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Risks/Benefits of Counseling

There are benefits and risks associated with counseling. On the one hand, most individuals who receive counseling indicate feeling healthier, happier and better off after receiving supportive counseling than they did before beginning on this journey. However, risks to counseling might include experiencing uncomfortable feelings like sadness, guilt, anger, anxiety, frustration or having difficulties with other people during and/or after counseling. Some changes may lead to what seems to be worsening of circumstances (for example, counseling will not necessarily help to keep a relationship intact). Thus, no guarantees are made that counseling will absolutely help you. Your counselor is aware of these benefits/risks and is always prepared to discuss your experiences with you.

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Confidentiality in the Counseling Center

The Counseling Center staff consider issues of student privacy and confidentiality to be of utmost importance. State law mandates that services offered at the Counseling Center are confidential. This means that we will not release information about a student–or even acknowledge whether we know a student, or whether a student is being seen–without that student’s express written consent.

Communications between you and your therapist are not shared with others outside of the Counseling Center without your written permission, except under the following circumstances according to Massachusetts law where clinicians are legally required to take action to ensure safety:

When a clinician believes you present an imminent risk to yourself, another individual, or the community, we are required to take necessary steps to protect against that risk. This may include further assessment at an emergency room, notification of concern to family, individual identified at risk, or administration at Wheaton.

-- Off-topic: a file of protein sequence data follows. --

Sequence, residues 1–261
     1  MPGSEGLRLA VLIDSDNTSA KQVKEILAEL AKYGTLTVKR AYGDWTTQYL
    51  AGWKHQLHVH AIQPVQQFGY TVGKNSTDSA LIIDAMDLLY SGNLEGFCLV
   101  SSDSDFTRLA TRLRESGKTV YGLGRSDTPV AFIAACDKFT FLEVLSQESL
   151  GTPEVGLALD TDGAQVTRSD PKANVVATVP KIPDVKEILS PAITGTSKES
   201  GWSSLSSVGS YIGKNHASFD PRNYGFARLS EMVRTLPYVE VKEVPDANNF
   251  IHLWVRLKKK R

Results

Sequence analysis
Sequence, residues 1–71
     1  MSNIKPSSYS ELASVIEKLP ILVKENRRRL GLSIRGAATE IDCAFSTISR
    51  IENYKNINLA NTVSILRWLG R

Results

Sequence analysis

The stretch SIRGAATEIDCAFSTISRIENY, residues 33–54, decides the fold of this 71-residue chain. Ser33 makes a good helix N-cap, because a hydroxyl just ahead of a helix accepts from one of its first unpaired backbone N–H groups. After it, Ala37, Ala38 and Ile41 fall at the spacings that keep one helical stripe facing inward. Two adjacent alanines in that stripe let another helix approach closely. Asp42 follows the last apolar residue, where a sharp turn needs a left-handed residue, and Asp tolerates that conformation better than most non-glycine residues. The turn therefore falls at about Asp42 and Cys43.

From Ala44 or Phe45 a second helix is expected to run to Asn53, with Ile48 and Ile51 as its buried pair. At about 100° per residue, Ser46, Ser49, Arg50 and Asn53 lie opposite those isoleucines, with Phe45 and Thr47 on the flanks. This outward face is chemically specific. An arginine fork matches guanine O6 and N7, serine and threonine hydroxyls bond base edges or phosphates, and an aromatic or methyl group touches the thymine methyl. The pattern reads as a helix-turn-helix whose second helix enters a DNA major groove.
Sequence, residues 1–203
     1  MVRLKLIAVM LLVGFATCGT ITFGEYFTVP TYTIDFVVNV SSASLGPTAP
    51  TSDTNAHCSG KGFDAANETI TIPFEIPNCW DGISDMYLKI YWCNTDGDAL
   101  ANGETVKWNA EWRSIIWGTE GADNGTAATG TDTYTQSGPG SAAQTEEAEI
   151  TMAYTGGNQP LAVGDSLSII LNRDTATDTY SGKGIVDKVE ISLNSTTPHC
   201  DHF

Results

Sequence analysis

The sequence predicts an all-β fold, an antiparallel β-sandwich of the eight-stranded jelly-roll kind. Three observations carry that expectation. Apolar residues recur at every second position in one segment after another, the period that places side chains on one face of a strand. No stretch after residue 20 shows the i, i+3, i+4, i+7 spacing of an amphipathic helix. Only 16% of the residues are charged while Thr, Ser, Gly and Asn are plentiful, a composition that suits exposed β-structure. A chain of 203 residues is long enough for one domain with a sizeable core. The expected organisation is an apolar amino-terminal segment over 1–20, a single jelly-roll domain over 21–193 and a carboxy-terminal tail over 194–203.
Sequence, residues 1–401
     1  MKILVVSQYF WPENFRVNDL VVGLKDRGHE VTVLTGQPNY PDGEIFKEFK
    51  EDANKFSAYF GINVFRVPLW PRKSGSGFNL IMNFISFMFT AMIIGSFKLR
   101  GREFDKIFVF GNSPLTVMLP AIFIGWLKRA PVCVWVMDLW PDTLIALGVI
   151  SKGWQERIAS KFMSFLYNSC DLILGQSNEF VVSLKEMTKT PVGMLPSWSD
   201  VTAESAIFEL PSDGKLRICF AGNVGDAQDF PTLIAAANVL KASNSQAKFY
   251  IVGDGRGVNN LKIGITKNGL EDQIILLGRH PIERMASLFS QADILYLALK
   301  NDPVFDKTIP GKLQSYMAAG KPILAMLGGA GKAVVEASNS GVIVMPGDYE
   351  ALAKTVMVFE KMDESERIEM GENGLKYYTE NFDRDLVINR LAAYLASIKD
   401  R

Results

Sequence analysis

When an underage child, or disabled individual or elderly person is experiencing abuse, neglect or exploitation, we are required by law to inform the appropriate state agency. This includes any minor siblings and disabled/elderly family members at home.

In the event of a court order or other mandatory legal process, we may be required to release records to the court.

Counseling Center records are kept completely separate from all other college records. The Counseling Center maintains all counseling records in a secure, confidential electronic medical record and the only individuals with access to these records are Counseling Center staff. The Counseling Center therapists consult with each other, as needed, in order to provide quality care. Consultation with other licensed mental health professionals is also permitted for the purpose of quality care, as long as no identifying information is provided. In addition, as a training site, trainees at the Counseling Center are provided intensive supervision from Counseling Center staff and qualified faculty supervisors at their respective graduate program.